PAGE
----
Talking With: Motista CEO Scott Magids on capitalizing on customer emotion

| by Judy Mottl
Talking With: Motista CEO Scott Magids on capitalizing on customer emotion

Motista Founder and CEO Scott Magids believes retailers must be focusing on, and capitalizing on, the emotional aspect within the customer retail experience. And, to do that, retailers must understand a consumer's motivation, involve real data and use predictive intelligence. In his role Magids is helping Fortune 1000 B2C and B2B companies, across a wide range of industries, to do just that.

So Retail Customer Experience reached out to ask him to share his insight and knowledge with our readers.

Retail Customer Experience: Most consumers would likely acknowledge that shopping is an emotional experience but do most retailers realize there is emotion involved and what percent are actively trying to improve, enhance the emotion aspect?

Scott Magids: While many executives in retail instinctively 'get' the value of emotional connection with customers, the vast majority of retailers have not operationalized customer emotion as a growth strategy. Activating customer emotion is a fantastic opportunity for retailers across categories. From apparel to footwear, consumer electronics to groceries, when retailers do connect with their consumers’ emotional motivations, consumers increase annual purchasing with those retailers by 40-100 percent, driving much-needed profitable, organic growth.

With most decisions in retail grounded in data –"manage what you can measure" – executives have struggled to activate emotional connection, one of the last aspects of the customer without data or predictive intelligence.

RCE:      What is one or two 'to dos' in using predictive intelligence to tie emotion to purchase behavior?

Magids: There are two keys to success we've seen across retailers which are activating emotional connection: First, the emotions that are measured and acted upon should be predictive of actual purchase behavior and financial results. A large body of data, developed over time, should be used to determine the emotions actually driving profitable behaviors in your category. Measure and act on what matters most to consumers.

Second, the intelligence must be actionable – seamlessly applied across existing work streams. "Change management" is a major deterrent, especially given the challenges in retail and fast pace of most retailers. Instead of targeting consumers using demographics, target consumers based on their emotions. Enhance advertising and digital content by applying the emotions that drive behavior. Apply emotion as a lens to the omni-channel experience, calibrating in-store, online and mobile touch points to build emotional connection. Design and test products – styles and features – to connect with consumers’ emotions.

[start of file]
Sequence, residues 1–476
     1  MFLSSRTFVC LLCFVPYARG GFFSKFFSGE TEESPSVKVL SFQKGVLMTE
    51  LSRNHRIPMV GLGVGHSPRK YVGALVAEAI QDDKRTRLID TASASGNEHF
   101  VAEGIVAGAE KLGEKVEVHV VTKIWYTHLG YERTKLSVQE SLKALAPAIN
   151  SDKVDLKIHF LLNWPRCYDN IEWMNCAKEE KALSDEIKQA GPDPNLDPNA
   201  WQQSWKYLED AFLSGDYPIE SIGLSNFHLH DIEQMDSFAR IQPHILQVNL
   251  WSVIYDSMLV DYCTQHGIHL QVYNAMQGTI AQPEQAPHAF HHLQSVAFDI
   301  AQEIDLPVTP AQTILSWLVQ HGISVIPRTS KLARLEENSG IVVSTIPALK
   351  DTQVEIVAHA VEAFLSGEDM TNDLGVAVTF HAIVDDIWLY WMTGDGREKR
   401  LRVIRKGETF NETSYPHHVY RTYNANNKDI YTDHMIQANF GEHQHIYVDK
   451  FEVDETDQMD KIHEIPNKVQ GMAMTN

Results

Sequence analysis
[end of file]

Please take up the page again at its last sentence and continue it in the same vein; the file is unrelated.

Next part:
RCE: What is one or two 'don’ts' retailers commonly make when striving to boost the emotional connection?

Magids: One mistake is that retailers often look at emotion as only a way to create a great ad campaign for the season. Of course, advertising that connects to consumers' emotions – the right emotions – will be more effective. But emotional connection is an enduring customer strategy that maximizes value, and the most effective retailers are activating customer emotions across the total experience – targeting, digital and social content, in-store, online, merchandise, even store locations – to drive organic growth. Recognize that connecting to consumers' emotions is what really motivates their behavior, and use every touch point, every message, every store location to do so.

RCE: Is the emotional aspect huge with millennials mostly or more viable to other consumer generations?

Magids: Studying over 200,000 retail consumers, we have found emotion is typically the strongest driver of behavior for all life stages. That being said, different types of emotions motivate consumers at different stages of their lives, and within different categories of retail. It's critical for retailers to understand the precise emotions motivating millennials – as well as Gen X, boomers and other generations – in their particular categories.

Topics: Consumer Behavior, Customer Experience

Judy Mottl

Judy Mottl is an experienced editor, reporter and blogger who has worked for top media including AOL, InformationWeek and InternetNews. She’s written everything from breaking news to in-depth trends. She loves a great pitch so email here, follow on Twitter and connect on LinkedIn.

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